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Dave Hill - The Re-Engineered Engineer - Speaker, Trainer, Author, and Speech Coach

Dave Hill – The Re-Engineered Engineer – Speaker, Trainer, Author, and Speech Coach

1.       Visualize yourself being successful; do not allow negative thoughts to cloud your mind.

2.       Structure your presentation so it flows in a logical path and is easy to remember.

3.       Prepare, prepare, prepare, and practice aloud. If there are certain words or sentences you keep stumbling on or forgetting, make changes until you find wording that is easy to recall.

4.       Practice to the point that you are not stumbling and your stories come across as spontaneous rather than memorized word for word.

5.       Meditate, listen to music or find a quiet place to gather your thoughts.


6.       Pause and mentally revisit your previous words or point to see if you can get back on track. The audience may not even realize that you have had a mind-blank.

7.       Acknowledge that you have lost your place. Make eye contact with someone close to you know in the audience and ask him in a joking manner (without expecting him to reply): “I have just lost my train of thought; what was that last memorable point I was making?”

8.       Develop a list of lighthearted statements that you could use, and practice using them. Make fun of the situation.

          a)      “OK, I have just had a complete brain wipeout—my brain is recalibrating.”

          b)      “Wow, my brain has gone blank. I turned 50 recently—I never imagined my brain would be the first thing to fail me.”

9.       Do not dwell on the mind-blank and/or apologize to the audience. You are human and the audience is over it before you know it.


10.   The goal should be to minimize the use of notes, as they can distract and diminish the level of eye contact and engagement with the audience.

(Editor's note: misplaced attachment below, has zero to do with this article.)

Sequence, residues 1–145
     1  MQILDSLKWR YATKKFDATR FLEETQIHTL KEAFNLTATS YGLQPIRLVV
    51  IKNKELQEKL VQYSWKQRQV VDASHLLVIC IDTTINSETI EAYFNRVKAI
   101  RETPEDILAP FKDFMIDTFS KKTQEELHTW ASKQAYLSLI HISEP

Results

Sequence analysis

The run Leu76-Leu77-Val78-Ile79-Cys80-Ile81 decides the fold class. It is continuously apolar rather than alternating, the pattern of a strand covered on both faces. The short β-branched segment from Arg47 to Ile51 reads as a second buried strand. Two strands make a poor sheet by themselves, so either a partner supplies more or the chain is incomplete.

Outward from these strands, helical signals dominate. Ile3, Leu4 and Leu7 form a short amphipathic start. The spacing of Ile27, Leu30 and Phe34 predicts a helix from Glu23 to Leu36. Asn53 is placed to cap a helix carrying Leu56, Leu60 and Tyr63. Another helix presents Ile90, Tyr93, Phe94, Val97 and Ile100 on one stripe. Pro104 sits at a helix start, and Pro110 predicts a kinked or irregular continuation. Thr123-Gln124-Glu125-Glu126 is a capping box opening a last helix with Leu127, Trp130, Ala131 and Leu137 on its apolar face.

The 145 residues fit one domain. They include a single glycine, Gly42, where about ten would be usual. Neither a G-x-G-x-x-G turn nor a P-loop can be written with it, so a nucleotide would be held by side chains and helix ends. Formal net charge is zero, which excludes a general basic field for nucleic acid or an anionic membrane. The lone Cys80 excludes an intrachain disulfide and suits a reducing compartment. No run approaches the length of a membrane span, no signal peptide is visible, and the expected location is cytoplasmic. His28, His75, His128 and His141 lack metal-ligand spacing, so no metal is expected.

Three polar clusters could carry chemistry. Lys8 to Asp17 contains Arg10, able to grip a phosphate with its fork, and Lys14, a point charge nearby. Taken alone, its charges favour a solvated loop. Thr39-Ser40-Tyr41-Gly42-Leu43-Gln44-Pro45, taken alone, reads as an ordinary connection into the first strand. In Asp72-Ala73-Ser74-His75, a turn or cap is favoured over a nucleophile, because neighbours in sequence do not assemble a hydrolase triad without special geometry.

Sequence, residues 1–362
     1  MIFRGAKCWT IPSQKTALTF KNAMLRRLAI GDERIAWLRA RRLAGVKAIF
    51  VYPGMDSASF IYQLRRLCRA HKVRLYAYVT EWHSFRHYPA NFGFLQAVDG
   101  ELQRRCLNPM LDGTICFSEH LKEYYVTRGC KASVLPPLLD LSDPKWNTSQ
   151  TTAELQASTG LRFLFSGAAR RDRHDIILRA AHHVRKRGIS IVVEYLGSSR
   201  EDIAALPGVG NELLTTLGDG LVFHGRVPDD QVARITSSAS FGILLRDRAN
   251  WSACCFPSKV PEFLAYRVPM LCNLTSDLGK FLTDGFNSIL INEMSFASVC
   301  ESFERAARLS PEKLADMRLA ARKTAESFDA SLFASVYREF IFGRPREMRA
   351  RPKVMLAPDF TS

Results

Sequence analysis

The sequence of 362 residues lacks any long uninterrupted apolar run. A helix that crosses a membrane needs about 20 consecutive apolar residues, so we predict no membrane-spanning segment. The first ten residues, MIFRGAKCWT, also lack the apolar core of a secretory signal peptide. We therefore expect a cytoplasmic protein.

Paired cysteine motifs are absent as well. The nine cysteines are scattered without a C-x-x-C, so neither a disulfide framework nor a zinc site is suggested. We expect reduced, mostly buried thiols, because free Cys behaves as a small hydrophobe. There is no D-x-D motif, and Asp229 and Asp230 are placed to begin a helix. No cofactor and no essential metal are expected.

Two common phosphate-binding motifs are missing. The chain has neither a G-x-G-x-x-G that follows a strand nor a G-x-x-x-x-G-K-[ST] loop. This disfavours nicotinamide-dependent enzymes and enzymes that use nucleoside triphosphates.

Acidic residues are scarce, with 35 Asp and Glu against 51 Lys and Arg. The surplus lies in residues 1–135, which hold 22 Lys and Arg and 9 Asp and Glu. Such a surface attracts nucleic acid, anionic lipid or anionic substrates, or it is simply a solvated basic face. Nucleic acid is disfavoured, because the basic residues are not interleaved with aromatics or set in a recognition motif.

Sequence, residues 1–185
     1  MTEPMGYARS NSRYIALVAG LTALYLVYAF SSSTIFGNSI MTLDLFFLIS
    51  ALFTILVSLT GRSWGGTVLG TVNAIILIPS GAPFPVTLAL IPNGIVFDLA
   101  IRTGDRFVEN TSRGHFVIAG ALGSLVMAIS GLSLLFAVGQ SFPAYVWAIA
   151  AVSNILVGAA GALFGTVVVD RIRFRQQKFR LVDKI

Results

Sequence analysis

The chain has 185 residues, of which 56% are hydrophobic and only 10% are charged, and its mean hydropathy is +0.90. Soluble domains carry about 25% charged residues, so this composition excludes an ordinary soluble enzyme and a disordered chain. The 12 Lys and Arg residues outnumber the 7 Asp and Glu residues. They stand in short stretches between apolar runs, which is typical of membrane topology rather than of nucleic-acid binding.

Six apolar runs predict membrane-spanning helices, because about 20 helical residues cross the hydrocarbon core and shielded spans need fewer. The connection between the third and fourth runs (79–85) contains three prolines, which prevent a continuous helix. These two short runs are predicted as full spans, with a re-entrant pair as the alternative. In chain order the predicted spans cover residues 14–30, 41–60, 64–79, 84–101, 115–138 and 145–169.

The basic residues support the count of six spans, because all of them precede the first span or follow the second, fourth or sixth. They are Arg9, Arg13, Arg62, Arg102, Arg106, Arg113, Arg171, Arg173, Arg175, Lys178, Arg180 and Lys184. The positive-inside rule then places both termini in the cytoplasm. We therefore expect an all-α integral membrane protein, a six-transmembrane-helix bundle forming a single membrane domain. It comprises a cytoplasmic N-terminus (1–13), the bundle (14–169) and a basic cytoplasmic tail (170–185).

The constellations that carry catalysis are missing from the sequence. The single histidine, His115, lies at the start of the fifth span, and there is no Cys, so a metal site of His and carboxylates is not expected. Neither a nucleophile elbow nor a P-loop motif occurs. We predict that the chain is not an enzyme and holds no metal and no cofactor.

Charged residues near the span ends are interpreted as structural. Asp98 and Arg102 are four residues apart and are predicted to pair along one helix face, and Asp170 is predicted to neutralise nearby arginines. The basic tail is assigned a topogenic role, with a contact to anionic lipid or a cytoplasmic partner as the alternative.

11.   When you use notes at a lectern, you are anchoring yourself and preventing the use of purposeful movement that could enhance your presentation. It can be very distracting when a speaker has to walk back and forth to a lectern or table solely for the purpose of reading notes.

12.   Occasionally I carry a note card in my pocket that contains a few bullet points to prompt me should I lose my way in a presentation. I keep the card in a consistent place (such as my right-hand inner jacket pocket) so I am not distracting the audience by having to search for it. I practice retrieving it.

13.   It is best to use stiff note cards, not a piece of paper, to list brief sentences or bullet points.

14.   Use a large enough font size so a mere glance will put you back on track.

15.    Try to keep to one card if possible, but if you need several, number them in case you drop them and need to assemble them in a hurry. Practice using these cards to make sure they contain adequate bullet points and are effective in getting you back on track.

16.   Another approach would be to mind-map your presentation on an index card so you have a quick visual. Again, use a large enough font size so a mere glance will put you back on track.

17.   To keep the notes less obvious, do not staple them together or print double-sided (so that you do not have to visibly manipulate them).

18.   Put a glass of water near your notes so you can walk toward the water (walking gives you time to get your thought pattern back). If the notes are beside the water you can glance at them while you take a sip of water, if you still have not gotten back on track.

19.   Some presenters and trainers use handouts or worksheets with “fill in the blanks.” These handouts can help you stay on track (the handout is used as a step-by-step guide).